The fortieth anniversary of the film Chariots of Fire directed by Hugh Hudson, which unexpectedly won four Oscars, including Best Picture, is a good opportunity to reflect once again on its merits, perhaps with the whole family.
The true story is well known, and won over the great producer David Puttnam (The Mission, Killing Fields, Memphis Belle) the moment he read it. A group of English athletes led by the Englishman Harold Abrahams (of Jewish origin) and the Scotsman Eric Liddell come together in the early 1920s and eventually triumph at the 1924 Paris Olympics. In doing so, they need to overcome internal and external obstacles in their life as young students. First of all, the covert racism common in those years, which presents a challenge to Abrahams with his unassuming temperament (a confrontation depicted without any surrender to the “politically correct” narrative so common today). Then, the insistence of Liddell’s missionary parents that he pursue his plan to be a missionary in China without “wasting time” on athletics.
One of the film’s cornerstones is the importance of faith. Paraphrasing Saint Paul, Liddell says that faith can be “compared to running in a race. It’s hard. It requires concentration of will, energy of soul,” especially when trying to live it with naturalness in one’s daily life. When facing the difficult choice between training for the Olympics or abandoning everything for the missions, Liddell tells his sister, “Jenny, I believe that God made me for a purpose. But He also made me fast, and when I run, I feel His pleasure.” These words come just after his missionary father had remarked, “You can glorify God by peeling a potato if you peel it to perfection.”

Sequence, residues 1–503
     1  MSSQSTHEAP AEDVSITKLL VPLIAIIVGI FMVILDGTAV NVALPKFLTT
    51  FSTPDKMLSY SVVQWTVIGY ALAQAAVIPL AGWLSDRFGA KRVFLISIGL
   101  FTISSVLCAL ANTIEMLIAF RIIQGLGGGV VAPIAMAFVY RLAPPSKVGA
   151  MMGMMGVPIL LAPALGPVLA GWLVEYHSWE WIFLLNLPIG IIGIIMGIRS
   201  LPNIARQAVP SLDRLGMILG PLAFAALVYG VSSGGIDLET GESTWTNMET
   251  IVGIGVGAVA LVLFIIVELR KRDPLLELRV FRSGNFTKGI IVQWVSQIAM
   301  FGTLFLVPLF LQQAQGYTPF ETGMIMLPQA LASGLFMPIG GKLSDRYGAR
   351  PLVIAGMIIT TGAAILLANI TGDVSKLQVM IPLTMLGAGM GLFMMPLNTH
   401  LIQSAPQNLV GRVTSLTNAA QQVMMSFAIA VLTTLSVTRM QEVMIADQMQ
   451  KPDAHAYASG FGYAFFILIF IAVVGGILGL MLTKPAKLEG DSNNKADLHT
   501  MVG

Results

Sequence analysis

It may be surprising to learn that the founder of Opus Dei, Saint Josemaría Escrivá de Balaguer (whose birthday falls on January 9), explained what sanctifying daily life means with similar words: “You are writing to me in the kitchen, by the stove. It is early afternoon. It is cold. By your side, your younger sister—the last one to discover the divine folly of living her Christian vocation to the full—is peeling potatoes. To all appearances—you think—her work is the same as before. And yet, what a difference there is! It is true: before she ‘only’ peeled potatoes; now, she is sanctifying herself peeling potatoes.”
It is surprising that the exact same image of peeling potatoes is used here as in the film. But perhaps it isn’t so surprising, if one considers the simplicity of the potato as a basic source of nourishment and the simplicity of striving to “sanctify daily life, the work carried out each day.”
I won’t give away any more of the film's story so that those who haven’t seen it can discover it for themselves. But the growth of the characters is beautifully described, and the famous original score composed by Vangelis binds each scene together indelibly.
Chariots of Fire has provided a rich source of quotes for many teachers in their classes on human values and for sports coaches and company motivators. When it was first shown, almost everyone, when the lights came back on in the theater, realized how moved they had been by what Tolkien would have called the “eucatastrophe” at the end. And the same can happen to all of us, when we encounter a fascinating work of art, an old friend who never disappoints.
Giovanni De Marchi
The original article was published on January 9, 2021, in “L'Osservatore Romano.” The digital version can be found here.